Certified 100 percent extra virgin olive oil offers more polyphenol content than any adulterated or lesser grade olive oils. And more polyphenol content means more antioxidant potential, which will also help protect the oil from oxidation and lengthen its shelf life. This means that extra virgin olive oil, with the highest polyphenol content of all grades of olive oil, will retain its protective qualities longer if stored and used properly.

Note – if you’re buying flavored olive oils, make sure that they are cold-pressed. Technically, flavored olive oils can’t be certified as extra virgin because they contain ingredients other than olives.

How to Maximize Olive Oil’s Health Benefits

5 Things to Know Before Using Olive Oil

1. Choose certified 100 percent extra virgin olive oil.

I like COOC-certified oil because I like to buy American (despite my Sicilian roots). I know it’s been held to the council’s highest standards, and will deliver the purity and quality I’m looking for.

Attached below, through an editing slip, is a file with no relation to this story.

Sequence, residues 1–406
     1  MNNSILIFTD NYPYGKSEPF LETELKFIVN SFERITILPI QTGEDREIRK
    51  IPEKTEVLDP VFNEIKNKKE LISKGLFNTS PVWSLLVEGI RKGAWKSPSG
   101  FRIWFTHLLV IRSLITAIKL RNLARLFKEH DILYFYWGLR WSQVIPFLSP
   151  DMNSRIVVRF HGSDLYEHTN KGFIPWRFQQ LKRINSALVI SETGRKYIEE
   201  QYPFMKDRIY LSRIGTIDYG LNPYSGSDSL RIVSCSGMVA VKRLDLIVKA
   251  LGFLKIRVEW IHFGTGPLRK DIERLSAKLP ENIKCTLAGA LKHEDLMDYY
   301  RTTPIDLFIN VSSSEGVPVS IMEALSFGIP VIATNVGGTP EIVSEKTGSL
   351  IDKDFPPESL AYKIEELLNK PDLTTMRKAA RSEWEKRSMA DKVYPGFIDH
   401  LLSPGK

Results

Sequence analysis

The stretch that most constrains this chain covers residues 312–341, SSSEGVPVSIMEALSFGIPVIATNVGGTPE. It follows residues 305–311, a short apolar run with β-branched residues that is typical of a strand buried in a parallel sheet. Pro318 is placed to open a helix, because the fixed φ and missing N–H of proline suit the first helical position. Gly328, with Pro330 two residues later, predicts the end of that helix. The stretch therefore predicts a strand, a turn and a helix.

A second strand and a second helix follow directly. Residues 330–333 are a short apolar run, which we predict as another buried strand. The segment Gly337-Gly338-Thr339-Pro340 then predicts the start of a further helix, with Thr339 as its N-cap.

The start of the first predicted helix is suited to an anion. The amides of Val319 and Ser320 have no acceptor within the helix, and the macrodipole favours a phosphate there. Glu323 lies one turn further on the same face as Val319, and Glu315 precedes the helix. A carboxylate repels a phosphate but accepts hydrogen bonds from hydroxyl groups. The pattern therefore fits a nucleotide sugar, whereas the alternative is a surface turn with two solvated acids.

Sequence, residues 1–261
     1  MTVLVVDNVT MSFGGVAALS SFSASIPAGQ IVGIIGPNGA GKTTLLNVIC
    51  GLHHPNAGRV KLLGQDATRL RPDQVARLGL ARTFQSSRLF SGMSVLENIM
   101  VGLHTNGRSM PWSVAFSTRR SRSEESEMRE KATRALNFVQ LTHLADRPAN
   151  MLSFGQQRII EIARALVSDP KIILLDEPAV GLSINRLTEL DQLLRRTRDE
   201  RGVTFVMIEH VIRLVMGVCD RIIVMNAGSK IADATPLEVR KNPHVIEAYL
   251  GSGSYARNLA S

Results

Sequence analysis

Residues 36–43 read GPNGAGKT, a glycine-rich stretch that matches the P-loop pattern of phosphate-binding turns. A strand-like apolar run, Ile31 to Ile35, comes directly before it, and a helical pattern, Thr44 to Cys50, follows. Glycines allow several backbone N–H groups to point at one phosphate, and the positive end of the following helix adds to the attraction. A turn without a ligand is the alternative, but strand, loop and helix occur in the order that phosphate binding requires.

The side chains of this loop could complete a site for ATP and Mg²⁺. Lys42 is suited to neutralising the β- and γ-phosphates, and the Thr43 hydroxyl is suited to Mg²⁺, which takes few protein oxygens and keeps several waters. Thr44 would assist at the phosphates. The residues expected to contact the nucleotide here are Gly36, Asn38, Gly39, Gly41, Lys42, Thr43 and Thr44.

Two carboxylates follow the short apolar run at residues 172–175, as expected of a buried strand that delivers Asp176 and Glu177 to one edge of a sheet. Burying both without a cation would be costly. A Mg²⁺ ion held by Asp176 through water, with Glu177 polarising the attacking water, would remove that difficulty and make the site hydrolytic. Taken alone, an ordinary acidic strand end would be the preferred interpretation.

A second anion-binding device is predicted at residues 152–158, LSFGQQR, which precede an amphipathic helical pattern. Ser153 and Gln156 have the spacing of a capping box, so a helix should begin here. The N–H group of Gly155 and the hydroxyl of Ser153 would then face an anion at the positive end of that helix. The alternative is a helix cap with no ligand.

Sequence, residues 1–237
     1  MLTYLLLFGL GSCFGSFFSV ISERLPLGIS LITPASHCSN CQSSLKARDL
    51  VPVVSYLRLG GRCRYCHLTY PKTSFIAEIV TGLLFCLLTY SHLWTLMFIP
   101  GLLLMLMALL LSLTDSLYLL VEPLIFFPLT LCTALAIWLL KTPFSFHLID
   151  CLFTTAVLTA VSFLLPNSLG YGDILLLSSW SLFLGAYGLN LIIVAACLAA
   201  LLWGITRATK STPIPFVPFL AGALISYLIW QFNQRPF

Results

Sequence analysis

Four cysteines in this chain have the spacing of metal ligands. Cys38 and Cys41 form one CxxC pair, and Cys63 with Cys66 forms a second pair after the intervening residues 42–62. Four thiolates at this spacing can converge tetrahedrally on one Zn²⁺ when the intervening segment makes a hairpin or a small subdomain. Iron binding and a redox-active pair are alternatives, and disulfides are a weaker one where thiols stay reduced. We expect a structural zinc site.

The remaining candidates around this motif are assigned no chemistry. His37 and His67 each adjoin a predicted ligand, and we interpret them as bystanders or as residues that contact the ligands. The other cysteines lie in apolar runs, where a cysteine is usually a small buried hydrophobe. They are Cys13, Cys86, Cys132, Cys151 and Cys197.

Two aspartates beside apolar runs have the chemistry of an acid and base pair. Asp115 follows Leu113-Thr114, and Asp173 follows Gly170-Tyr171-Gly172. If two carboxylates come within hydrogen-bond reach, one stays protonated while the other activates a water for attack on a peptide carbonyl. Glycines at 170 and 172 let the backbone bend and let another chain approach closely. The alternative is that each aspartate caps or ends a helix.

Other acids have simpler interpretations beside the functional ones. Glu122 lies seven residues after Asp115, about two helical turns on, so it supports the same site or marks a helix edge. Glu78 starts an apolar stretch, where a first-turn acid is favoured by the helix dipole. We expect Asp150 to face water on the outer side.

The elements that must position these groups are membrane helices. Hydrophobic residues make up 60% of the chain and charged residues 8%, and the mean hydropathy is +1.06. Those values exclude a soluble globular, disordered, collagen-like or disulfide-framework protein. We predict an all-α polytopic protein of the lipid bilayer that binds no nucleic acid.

2. Consume a minimum of 2 Tbsp a day.

Based on the Predimed study, in which one group of participants realized cardiovascular benefits while consuming 4 or more Tbsp of polyphenol-rich olive oil a day, I actually think 4 Tbsp a day is preferable. For those who want to limit their fat consumption, 2 Tbsp per day is still beneficial.

3. Use with salads or colorful, organic steamed vegetables.

Talk about a healthy meal! We all know fresh vegetables and salads are good for us. Eating them with olive oil can help you better absorb all the vitamins and phytonutrients the veggies have to offer. Adding my signature olive oil dipping blend to the mix takes it to a new level of deliciousness. What a win-win-win!

So now I have my cake and eat it too: great memories and the knowledge that I’m treating my body to something that supports health!